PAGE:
A CLOSER LOOK: YOUR (online) LIFE AFTER DEATH
NEW YORK (AP) — Sure, you have a lot to do today — laundry, bills, dinner — but it’s never too early to start planning for your digital afterlife, the fate of your numerous online accounts once you shed this mortal coil. Facebook, Google, Twitter and other sites have different policies on dealing with dead users. Some states are also considering laws that would automatically give loved ones access to, though not control of, their dead relative’s digital accounts, unless otherwise specified. Unless you take action, you might not like the outcome: Would you want to give your spouse automatic access to your email correspondences? Should parents automatically be able to browse through a deceased child’s online dating profile?
HOUSE PANEL: SAFETY AGENCY MISHANDLED GM RECALL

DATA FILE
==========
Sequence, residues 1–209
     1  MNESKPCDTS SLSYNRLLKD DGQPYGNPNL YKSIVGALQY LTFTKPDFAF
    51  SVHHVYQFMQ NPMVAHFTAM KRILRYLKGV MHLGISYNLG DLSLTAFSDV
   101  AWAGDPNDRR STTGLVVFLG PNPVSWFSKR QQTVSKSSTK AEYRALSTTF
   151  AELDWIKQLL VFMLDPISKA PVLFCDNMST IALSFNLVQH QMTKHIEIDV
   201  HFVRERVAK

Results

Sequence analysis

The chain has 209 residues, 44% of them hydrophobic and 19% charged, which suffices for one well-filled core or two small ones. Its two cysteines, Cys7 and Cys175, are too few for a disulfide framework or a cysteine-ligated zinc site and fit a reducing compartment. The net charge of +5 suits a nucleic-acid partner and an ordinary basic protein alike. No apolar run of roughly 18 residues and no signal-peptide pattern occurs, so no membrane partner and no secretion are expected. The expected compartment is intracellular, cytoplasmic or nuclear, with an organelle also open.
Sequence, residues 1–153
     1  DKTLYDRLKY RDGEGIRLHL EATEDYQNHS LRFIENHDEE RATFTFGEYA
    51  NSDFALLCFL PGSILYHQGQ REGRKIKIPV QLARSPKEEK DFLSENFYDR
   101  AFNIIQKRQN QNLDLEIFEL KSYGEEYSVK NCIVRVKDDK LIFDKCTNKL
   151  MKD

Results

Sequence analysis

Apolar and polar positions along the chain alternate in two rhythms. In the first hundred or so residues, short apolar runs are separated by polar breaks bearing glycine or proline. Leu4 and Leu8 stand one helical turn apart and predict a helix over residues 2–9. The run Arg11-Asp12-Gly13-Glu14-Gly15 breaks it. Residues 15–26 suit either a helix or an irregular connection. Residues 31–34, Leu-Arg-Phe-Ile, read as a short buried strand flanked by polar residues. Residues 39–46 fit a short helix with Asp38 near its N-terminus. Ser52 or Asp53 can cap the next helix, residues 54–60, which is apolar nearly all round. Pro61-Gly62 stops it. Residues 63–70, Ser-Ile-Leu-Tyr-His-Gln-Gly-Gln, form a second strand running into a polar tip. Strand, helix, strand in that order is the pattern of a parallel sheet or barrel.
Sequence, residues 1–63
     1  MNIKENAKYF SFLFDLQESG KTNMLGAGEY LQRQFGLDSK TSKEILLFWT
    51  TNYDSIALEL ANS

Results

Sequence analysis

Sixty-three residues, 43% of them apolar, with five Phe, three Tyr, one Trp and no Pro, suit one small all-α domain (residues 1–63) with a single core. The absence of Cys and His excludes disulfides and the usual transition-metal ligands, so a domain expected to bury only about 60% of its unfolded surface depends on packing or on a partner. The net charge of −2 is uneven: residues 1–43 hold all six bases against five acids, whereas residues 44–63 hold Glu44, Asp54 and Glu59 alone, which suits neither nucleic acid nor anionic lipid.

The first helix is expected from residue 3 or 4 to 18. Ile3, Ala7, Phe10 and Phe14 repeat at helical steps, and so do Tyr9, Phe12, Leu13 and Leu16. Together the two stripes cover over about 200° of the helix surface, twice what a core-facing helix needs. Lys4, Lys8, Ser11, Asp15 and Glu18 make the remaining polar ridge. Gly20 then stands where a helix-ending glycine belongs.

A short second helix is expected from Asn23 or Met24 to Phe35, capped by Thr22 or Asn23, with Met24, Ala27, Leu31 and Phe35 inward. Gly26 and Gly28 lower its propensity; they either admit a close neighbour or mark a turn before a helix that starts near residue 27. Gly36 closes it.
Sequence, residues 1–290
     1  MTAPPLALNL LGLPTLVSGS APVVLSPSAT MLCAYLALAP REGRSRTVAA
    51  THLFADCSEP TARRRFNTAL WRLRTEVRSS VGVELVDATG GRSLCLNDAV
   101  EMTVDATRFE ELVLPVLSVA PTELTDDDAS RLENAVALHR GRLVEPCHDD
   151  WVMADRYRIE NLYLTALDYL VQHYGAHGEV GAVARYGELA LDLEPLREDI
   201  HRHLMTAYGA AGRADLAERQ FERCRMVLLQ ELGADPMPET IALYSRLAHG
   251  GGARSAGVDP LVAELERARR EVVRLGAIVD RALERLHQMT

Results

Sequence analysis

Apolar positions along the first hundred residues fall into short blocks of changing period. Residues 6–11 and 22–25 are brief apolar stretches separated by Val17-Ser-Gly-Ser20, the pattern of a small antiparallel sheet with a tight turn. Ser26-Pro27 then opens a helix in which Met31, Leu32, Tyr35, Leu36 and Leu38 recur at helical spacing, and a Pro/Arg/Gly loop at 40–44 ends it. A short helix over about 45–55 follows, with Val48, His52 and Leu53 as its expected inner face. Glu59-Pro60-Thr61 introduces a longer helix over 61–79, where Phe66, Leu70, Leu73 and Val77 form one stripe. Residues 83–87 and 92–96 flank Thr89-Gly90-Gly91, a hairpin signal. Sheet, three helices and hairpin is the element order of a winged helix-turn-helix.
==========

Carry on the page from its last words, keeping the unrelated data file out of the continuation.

WASHINGTON (AP) — The agency responsible for safety on the nation’s roads was years late in detecting a deadly problem with General Motors cars and lacks the expertise to oversee increasingly complex vehicles, congressional Republicans charged in a report Tuesday. The report by a House committee’s GOP majority raised serious questions about the National Highway Traffic Safety Administration’s ability to keep the public safe, and came as the Senate convened a hearing on the safety agency’s shortcomings. Safety regulators should have discovered GM’s faulty ignition switches seven years before the company recalled 2.6 million cars to fix the deadly problem, the report concluded. It also said the agency didn’t understand how air bags worked, lacked accountability and failed to share information internally.